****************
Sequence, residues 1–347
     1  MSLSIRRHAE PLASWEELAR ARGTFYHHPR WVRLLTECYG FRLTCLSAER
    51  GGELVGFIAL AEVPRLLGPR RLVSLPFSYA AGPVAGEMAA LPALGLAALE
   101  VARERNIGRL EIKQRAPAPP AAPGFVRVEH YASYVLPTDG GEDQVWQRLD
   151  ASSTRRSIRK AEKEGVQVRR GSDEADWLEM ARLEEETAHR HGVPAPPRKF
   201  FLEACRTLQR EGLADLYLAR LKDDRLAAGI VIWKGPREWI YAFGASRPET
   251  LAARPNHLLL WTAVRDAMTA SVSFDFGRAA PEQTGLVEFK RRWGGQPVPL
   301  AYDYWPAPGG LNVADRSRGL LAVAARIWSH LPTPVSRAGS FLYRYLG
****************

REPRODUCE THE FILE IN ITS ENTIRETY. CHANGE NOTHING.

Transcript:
Sequence, residues 1–347
     1  MSLSIRRHAE PLASWEELAR ARGTFYHHPR WVRLLTECYG FRLTCLSAER
    51  GGELVGFIAL AEVPRLLGPR RLVSLPFSYA AGPVAGEMAA LPALGLAALE
   101  VARERNIGRL EIKQRAPAPP AAPGFVRVEH YASYVLPTDG GEDQVWQRLD
   151  ASSTRRSIRK AEKEGVQVRR GSDEADWLEM ARLEEETAHR HGVPAPPRKF
   201  FLEACRTLQR EGLADLYLAR LKDDRLAAGI VIWKGPREWI YAFGASRPET
   251  LAARPNHLLL WTAVRDAMTA SVSFDFGRAA PEQTGLVEFK RRWGGQPVPL
   301  AYDYWPAPGG LNVADRSRGL LAVAARIWSH LPTPVSRAGS FLYRYLG